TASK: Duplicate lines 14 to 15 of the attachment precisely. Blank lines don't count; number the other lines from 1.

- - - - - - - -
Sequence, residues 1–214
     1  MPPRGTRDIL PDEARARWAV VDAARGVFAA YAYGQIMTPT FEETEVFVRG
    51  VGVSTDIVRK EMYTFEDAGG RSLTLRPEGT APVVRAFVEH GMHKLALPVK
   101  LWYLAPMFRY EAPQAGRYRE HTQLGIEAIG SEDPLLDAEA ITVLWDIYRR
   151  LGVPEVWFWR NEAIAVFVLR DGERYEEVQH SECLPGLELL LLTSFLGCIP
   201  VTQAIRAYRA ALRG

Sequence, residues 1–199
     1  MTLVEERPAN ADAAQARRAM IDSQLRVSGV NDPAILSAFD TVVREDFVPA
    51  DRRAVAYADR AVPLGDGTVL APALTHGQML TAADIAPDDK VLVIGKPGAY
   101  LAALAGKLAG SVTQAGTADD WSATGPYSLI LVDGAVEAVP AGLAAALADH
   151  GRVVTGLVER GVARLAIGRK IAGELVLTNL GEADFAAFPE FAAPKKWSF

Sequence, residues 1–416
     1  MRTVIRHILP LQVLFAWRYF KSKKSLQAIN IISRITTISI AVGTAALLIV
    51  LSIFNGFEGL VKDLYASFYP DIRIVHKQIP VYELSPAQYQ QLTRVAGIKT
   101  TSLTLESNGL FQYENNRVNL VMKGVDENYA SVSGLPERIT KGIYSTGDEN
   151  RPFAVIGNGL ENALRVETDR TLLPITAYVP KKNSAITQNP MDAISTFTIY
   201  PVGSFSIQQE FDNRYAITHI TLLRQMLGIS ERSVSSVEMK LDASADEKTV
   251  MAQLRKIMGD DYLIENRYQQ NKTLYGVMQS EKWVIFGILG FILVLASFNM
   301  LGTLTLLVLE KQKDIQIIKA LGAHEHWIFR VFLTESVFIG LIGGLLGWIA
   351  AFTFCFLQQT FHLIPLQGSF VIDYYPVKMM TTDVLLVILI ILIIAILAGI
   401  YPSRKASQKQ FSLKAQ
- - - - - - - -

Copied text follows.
    51  LSIFNGFEGL VKDLYASFYP DIRIVHKQIP VYELSPAQYQ QLTRVAGIKT
   101  TSLTLESNGL FQYENNRVNL VMKGVDENYA SVSGLPERIT KGIYSTGDEN